- Trying to float against a loop and actually kill the spin on a loop is not an easy shot to play – it’s hard to actually do that variation, especially up at the table, it’s not easy to do.
- And against a float ball coming at you, a fast hit, hitting the ball very quickly, that’s also not that easy unless the ball is very high and you can hit the ball down onto the table.
So if your game revolves around using those tough techniques, at the intermediate level, if you are not playing a lot, you are probably making too many mistakes. You are trying to make the rubber do something it’s not really designed to do, you are working outside the correct zone for it, making your life harder.
Example – Long Range Defender
As an example, for myself as a long range defender, I work mainly within the stuff that my long pips can do, and I only occasionally use some of the tougher techniques for a variation. So as a long range defender, I’ll use the chop vs a loop from a long distance, I’ll use the block, a steady block against a topspin when I’m caught up at the table. When someone pushes at me I don’t mind using the shovel push. If someone does push I will occasionally roll the ball and use the topspin vs a chop – not necessarily trying to get a loop effect but just change up, give a different look, and that’s a pretty steady shot for me because I’m not trying to hit it too fast or hit it too powerfully, I’m just using the change of pace. The sidespin swipe I don’t use a lot personally, it’s just not in my arsenal of shots. But other people could do that.
Out of the tough shots that I could play, the main ones I’ll usually use is trying to float the ball against a loop and kill the spin, and even if I get that wrong it just means that I don’t necessarily miss the shot, I just don’t kill the spin very much, so it’s still safe. The heavy chop vs a chop – I’ll use that technique – not so much to really try and spin the ball, but to kill the spin and get some variation. I’m not really trying to turn it into a heavy chop of my own which some people try and do with the long pips.
The other stuff in the tough area I don’t generally try and do. I don’t loop against a loop, I’ll block, I’ll play safe or chop. So I working within my zone. Although there are techniques there that some intermediate players could play much better than I could play, I’m playing at a better level because I’m working much more within what my rubber can do, therefore I’m making less mistakes, I have more consistency and I’m finding it a lot easier.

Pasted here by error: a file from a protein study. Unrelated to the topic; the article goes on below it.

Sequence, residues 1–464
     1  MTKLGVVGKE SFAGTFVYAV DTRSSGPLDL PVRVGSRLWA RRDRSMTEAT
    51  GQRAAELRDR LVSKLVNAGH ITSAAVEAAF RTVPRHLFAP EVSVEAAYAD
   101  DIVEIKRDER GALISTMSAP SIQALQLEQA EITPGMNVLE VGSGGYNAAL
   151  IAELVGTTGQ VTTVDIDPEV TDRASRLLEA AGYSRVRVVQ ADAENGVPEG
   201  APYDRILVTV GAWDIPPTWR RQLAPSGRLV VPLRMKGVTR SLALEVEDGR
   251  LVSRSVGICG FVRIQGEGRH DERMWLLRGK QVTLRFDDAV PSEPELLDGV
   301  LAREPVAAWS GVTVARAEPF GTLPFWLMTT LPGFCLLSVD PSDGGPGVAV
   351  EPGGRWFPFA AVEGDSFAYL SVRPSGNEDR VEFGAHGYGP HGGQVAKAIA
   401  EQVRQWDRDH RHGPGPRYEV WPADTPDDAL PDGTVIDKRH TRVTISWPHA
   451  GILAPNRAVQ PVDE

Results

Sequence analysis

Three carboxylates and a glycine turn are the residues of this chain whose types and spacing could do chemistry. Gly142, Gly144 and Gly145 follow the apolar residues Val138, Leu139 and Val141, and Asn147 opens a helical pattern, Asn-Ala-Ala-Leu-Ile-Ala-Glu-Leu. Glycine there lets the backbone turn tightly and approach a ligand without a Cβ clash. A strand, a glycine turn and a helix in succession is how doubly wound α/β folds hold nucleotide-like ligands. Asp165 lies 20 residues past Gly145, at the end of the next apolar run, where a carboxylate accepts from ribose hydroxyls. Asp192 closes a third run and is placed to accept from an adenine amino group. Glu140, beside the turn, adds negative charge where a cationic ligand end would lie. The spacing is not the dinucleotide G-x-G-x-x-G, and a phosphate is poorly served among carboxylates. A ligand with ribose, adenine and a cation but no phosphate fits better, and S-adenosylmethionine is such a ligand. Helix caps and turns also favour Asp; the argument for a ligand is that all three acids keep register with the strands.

All false modesty aside, I’m one of the best long pip players in Australia still, and I’m not attempting to try and do miracles with this stuff. There’s not a lot of people I’ve seen in Australia who can really do incredible things with long pips consistently at a high level because the restrictions of the material make it very very tough to do successfully unless you are playing a lot.
For me I think probably the number one mistake for you guys who are at an intermediate level using long pips, using antispin and trying to improve, have a look at your game, analyse what you are doing, and see how often you are trying to attempt shots that are on the tough list, versus the shots that are on the good list, that are easy to work with with the long pips. If you find you are using the tough ones too often, either you need to practice them more, or you need to be thinking a bit more about your game and start cutting out some of those tough ones, use them less often, use them as an occasional variation, use them in slightly easier situations. If you can do that I think you’ll find that your game will improve a lot. OK? Thanks.